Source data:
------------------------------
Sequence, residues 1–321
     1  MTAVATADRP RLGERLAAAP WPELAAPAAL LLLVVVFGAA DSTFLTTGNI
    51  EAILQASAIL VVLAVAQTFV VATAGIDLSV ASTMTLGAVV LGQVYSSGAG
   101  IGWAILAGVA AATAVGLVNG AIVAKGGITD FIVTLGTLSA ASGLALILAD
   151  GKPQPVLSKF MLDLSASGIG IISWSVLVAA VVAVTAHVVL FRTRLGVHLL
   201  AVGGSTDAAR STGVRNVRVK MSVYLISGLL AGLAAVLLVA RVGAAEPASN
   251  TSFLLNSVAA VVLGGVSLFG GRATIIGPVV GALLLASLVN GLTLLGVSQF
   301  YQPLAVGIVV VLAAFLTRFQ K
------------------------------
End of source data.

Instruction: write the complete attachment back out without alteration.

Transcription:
Sequence, residues 1–321
     1  MTAVATADRP RLGERLAAAP WPELAAPAAL LLLVVVFGAA DSTFLTTGNI
    51  EAILQASAIL VVLAVAQTFV VATAGIDLSV ASTMTLGAVV LGQVYSSGAG
   101  IGWAILAGVA AATAVGLVNG AIVAKGGITD FIVTLGTLSA ASGLALILAD
   151  GKPQPVLSKF MLDLSASGIG IISWSVLVAA VVAVTAHVVL FRTRLGVHLL
   201  AVGGSTDAAR STGVRNVRVK MSVYLISGLL AGLAAVLLVA RVGAAEPASN
   251  TSFLLNSVAA VVLGGVSLFG GRATIIGPVV GALLLASLVN GLTLLGVSQF
   301  YQPLAVGIVV VLAAFLTRFQ K